Disability agency's labour hire criticised

A union says the disability insurance scheme faces chronic under-resourcing.
A union says the disability insurance scheme faces chronic under-resourcing.

The public sector union has hit out at the national insurance agency's reliance on labour hire, saying it's letting down people with disabilities.

Just over a quarter of the National Disability Insurance Agency's workforce is labour hire, the Community and Public Sector Union has told a Senate committee.

Many of those contractors earned $10 or so less an hour for the same job compared to their public service counterparts, union deputy secretary Beth Vincent-Pietsch said on Wednesday.

"They are frequently told by their (labour hire) agency that they are prohibited from discussing their pay rates and it's quite intimidating for them to speak up in any way abut their pay," Ms Vincent-Pietsch said.

"To meet the needs of the community that these agencies were built to deliver to, the labour hire needs to end.

"These agencies need to be properly funded and resourced and with a proportionate increase to permanent staffing."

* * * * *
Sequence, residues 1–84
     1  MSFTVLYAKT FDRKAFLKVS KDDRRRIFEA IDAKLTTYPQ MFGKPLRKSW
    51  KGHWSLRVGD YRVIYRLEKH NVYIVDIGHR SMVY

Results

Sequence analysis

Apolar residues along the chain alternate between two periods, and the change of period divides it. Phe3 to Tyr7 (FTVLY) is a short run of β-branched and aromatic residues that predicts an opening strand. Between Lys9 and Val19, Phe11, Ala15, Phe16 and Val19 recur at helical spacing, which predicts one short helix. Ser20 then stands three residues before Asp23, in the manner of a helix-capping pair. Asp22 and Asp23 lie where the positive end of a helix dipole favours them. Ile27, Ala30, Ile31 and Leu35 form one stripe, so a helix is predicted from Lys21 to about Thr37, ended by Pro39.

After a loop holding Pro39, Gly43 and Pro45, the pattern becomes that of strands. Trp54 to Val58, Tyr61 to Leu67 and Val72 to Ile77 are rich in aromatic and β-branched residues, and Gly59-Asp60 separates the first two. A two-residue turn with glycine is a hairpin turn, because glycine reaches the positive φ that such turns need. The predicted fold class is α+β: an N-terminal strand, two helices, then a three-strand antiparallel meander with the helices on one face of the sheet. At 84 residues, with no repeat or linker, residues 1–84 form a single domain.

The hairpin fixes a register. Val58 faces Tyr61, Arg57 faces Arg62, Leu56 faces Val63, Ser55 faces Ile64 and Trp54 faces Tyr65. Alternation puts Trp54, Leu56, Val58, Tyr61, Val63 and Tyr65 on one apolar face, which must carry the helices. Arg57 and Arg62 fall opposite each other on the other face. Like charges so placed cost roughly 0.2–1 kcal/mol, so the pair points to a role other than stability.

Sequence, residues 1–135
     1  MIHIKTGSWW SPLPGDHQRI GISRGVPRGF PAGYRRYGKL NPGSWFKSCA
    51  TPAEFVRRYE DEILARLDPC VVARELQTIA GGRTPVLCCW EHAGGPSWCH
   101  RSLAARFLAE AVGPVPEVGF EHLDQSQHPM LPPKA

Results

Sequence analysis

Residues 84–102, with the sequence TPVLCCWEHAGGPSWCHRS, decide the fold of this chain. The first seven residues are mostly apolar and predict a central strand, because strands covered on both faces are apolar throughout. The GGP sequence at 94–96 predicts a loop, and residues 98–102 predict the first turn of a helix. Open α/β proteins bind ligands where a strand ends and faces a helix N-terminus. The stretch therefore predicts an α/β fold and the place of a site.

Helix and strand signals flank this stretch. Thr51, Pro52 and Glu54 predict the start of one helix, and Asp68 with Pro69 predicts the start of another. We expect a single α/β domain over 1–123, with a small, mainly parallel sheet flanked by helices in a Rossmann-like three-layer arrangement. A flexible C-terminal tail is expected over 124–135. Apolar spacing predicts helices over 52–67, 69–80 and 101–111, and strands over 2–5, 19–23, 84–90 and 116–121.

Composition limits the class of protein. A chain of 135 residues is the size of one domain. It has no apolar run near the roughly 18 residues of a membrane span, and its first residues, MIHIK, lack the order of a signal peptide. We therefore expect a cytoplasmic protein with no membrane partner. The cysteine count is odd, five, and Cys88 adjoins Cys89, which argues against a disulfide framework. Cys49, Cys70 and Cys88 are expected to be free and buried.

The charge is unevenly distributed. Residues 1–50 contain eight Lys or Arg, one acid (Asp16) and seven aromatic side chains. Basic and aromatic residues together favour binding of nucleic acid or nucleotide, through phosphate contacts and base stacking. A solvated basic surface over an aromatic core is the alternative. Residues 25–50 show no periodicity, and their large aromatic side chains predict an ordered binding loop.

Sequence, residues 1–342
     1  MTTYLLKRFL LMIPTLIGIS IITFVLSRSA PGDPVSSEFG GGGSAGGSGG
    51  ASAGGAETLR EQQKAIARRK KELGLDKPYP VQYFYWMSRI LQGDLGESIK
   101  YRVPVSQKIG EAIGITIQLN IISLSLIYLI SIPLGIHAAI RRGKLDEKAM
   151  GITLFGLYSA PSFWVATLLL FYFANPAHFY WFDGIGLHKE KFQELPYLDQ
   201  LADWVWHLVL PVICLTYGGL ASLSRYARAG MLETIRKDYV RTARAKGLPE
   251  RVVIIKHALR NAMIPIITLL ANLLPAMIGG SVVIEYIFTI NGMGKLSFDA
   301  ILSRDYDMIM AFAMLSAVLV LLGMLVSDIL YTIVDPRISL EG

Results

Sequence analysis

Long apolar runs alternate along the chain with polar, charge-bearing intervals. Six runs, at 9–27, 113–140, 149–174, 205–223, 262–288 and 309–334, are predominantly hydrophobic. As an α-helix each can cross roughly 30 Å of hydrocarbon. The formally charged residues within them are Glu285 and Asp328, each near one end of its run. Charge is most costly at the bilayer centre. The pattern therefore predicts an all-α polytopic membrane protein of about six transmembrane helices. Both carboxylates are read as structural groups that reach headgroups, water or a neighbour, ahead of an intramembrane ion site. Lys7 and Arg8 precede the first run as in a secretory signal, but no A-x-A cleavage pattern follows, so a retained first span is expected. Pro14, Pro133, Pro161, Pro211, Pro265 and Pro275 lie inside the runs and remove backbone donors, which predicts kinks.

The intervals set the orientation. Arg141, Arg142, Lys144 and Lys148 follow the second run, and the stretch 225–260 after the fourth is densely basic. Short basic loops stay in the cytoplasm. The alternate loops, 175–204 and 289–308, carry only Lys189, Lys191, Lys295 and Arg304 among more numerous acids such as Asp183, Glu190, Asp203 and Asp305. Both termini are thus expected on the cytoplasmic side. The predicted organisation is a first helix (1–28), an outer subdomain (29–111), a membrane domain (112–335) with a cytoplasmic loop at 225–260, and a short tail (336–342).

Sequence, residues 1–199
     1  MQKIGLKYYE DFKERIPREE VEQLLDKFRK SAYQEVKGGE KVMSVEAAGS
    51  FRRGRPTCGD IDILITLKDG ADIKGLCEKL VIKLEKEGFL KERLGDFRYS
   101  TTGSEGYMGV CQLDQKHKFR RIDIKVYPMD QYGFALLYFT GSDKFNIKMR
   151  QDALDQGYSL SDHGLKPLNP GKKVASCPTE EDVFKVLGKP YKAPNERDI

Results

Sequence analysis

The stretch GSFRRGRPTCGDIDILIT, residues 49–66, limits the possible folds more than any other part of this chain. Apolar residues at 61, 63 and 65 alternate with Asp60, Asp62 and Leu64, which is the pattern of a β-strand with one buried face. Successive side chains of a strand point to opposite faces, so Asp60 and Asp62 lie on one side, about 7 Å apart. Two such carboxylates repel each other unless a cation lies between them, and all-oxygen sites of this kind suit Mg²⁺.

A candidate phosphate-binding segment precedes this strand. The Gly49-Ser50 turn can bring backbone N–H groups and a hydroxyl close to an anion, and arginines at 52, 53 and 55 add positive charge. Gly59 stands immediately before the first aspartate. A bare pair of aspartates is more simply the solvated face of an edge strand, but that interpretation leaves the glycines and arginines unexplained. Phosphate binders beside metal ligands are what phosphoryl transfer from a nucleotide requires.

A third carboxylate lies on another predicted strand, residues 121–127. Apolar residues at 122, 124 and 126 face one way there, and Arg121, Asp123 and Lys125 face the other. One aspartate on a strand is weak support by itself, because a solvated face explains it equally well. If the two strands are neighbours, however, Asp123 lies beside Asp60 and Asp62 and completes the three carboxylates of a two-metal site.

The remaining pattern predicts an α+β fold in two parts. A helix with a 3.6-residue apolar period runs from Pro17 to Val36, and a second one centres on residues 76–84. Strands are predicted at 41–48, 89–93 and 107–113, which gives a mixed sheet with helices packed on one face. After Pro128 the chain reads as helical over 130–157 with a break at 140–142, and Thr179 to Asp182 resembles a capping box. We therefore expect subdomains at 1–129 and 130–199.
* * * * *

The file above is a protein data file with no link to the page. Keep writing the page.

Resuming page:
She also said "unworkable" performance targets and insecure work created a high staff turnover, which sent money and time spent training people down the drain.

NDIA official Lisa Studdert told the committee the agency used 1555 labour hire workers as of June 30.

The agency has public service staffing caps imposed on it.

"I would probably be an unusual senior executive if I didn't say the APS cap felt constraining some days, but we have a very capable labour hire workforce too," she said.

The agency's chief people officer, Hamish Aikman, said it was the first he'd heard of complaints labour hire workers were ordered not to discuss their pay.

No such direction came from the NDIA, he said.

Australian Associated Press